Swiss Army Man

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However successful or interesting you find Swiss Army Man, you have to hand it to writer/directors Dan Kwan and Daniel Scheinert – it’s one of the most inventive ideas in movies in quite awhile.

Hank (Paul Dano), a castaway on a desert island, has run out of hope as the movie opens, preparing to end everything by hanging himself. When he suddenly spies someone lying in the surf he hurriedly and hopefully untangles himself from his rope, running to the side of the figure to find Manny (Daniel Radcliffe), not only dead but with his corpse farting continually.

Pretty soon Hank is pulling Manny’s body into the ocean and riding it like a jet-ski, propelled by the flatulence – the first hint you have that maybe this whole movie is a fever dream in the mind of a dying man, and that at some point it’ll all be revealed that Hank has lost his mind or already died, dreaming about Manny in his own death throes.

But no such neat reveal ever comes and Hank and Manny’s story only gets weirder. They make it to a far coast on the edge of a thick forest where Hank thinks civilisation is waiting for them if they can make it to the other side.

Knowing he can’t drag Manny’s body all the way home with him Hank finds himself unable to leave it behind, so instead he builds camp, sitting Manny up beside the campsite and talking to him as if he was alive.

Eventually (and shockingly), Manny starts to talk back, soon showing more signs of life, quickly becoming indispensable to Hank’s survival for any number of arcane purposes.

At some point you start to wonder if Swiss Army Man is a parable for birth or childhood. Manny doesn’t know anything about anything, and as Hank uses him as a firelighter, wood-chopper, drinking fountain and more and their friendship grows, Manny wants to know everything just like little kid would.

Hank finds himself having to explain about bodily functions from human waste to masturbation and sex (and just to maintain the weirdness quotient, Manny’s erection is also a compass that’s directing them back towards home), but also love.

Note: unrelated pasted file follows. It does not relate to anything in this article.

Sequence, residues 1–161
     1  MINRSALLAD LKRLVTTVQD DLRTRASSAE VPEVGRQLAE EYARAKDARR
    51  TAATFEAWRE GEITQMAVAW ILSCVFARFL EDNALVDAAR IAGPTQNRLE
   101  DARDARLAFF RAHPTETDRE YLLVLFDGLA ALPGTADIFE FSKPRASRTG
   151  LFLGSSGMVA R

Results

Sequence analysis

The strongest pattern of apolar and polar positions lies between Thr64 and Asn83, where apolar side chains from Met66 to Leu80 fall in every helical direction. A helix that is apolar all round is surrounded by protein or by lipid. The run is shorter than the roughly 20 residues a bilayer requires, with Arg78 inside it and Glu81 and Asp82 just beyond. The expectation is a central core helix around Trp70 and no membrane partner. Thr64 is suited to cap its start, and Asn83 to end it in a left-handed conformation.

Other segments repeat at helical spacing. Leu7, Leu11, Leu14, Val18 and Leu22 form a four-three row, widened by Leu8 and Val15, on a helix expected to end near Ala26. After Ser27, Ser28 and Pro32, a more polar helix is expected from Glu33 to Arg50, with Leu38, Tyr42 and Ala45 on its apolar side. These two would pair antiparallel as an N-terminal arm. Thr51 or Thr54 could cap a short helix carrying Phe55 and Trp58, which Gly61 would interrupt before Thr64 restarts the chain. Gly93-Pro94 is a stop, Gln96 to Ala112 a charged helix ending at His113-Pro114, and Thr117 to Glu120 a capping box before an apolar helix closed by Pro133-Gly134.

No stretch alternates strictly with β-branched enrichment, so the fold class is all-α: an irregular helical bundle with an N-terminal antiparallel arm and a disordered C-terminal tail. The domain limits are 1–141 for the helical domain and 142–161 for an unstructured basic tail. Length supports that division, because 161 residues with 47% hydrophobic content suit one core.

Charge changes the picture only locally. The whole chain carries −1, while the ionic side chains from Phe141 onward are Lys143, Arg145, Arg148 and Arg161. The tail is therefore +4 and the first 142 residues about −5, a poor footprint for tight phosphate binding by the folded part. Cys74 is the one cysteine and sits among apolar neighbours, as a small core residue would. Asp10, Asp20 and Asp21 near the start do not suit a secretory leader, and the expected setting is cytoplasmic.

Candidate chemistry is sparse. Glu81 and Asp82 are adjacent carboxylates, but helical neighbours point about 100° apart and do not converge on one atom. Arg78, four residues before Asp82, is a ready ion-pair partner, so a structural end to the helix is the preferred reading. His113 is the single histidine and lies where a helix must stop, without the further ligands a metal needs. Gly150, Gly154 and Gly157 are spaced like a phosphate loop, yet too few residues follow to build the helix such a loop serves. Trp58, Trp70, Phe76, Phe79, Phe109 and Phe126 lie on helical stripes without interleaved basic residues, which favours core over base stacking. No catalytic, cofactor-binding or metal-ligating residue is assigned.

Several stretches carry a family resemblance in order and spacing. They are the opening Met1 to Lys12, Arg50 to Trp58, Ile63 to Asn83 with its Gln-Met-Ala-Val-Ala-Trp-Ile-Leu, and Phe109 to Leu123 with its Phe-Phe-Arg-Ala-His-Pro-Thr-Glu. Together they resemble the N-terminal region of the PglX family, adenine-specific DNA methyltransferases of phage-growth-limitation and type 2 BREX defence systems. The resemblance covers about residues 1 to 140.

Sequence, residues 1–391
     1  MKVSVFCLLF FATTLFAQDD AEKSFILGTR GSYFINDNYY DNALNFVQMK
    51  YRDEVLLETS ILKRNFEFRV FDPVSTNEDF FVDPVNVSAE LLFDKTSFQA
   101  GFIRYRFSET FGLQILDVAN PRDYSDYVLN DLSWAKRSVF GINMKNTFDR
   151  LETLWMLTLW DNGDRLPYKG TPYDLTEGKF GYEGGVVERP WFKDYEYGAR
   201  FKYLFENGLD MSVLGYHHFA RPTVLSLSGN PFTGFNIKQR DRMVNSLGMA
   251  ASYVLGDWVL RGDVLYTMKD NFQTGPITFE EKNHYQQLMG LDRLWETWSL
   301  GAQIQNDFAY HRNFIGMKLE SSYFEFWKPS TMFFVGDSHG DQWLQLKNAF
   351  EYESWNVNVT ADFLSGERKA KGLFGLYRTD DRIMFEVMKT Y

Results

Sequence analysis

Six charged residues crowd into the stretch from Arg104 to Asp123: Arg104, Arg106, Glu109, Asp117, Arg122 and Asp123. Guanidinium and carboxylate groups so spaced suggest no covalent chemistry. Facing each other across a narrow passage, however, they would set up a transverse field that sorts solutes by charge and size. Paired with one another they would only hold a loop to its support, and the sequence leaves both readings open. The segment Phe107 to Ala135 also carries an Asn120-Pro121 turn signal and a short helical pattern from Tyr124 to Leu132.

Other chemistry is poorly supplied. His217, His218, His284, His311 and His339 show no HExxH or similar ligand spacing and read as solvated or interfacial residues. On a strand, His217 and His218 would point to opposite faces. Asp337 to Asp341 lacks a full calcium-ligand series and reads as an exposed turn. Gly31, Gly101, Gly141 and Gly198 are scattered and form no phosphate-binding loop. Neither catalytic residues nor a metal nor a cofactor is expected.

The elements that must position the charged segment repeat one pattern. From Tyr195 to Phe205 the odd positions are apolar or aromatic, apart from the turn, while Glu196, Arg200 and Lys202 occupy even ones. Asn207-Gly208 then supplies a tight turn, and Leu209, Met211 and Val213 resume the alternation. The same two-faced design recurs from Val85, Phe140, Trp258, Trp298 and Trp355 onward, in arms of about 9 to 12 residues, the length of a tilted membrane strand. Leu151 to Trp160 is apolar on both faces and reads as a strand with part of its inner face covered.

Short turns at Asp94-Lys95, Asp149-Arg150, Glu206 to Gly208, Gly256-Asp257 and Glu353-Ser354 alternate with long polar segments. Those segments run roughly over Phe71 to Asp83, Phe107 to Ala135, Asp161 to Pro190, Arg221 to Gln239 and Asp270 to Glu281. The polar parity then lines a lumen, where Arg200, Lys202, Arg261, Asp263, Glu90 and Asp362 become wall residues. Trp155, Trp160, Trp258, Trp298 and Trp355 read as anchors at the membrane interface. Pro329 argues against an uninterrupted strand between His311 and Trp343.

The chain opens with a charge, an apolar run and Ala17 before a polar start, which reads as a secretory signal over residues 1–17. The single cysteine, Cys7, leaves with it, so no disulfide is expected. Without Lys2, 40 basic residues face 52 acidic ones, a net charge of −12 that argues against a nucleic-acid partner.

It all kind of makes sense from Manny’s point of view – waking up from death and with no memory of his former life, it’s like he’s a child himself – just as fascinated by erections, farts and poo as any little boy is.

The memory keeping Hank going is of a woman he sits near on the bus (Mary Elizabeth Winstead) he wishes he had the courage to talk to, so his mission becomes explaining to Manny how the small, simple art of talking to an attractive stranger and hoping they fall in love with you becomes one of the most impactful experiences of the human condition.

As Manny dribbles water out of his open mouth, his limbs falling at unnatural angles and with a cork applied by Hank holding his gas in, he looks wistfully at the stars and campfire, fascinated by the sound of everything Hank tells him and unable to wait to experience it for himself.

Despite the narrative devices that make Swiss Army Man so weird, so disgusting (often both at once), it has a real fairy tale quality and a tone of whimsy. Among the sequences that feel like dreamy love stories is one where Hank uses leaves, branches and rubbish they find in the forest to build an entire scene about riding on a bus while pining for the girl.

If you really want to know if this is all (or partly) real the script makes no concessions for you, and that might put you off. But if you can appreciate the storybook quality of a tale full of the amazing and impossible (and get past the sex and toilet references) you might find some level of artistry.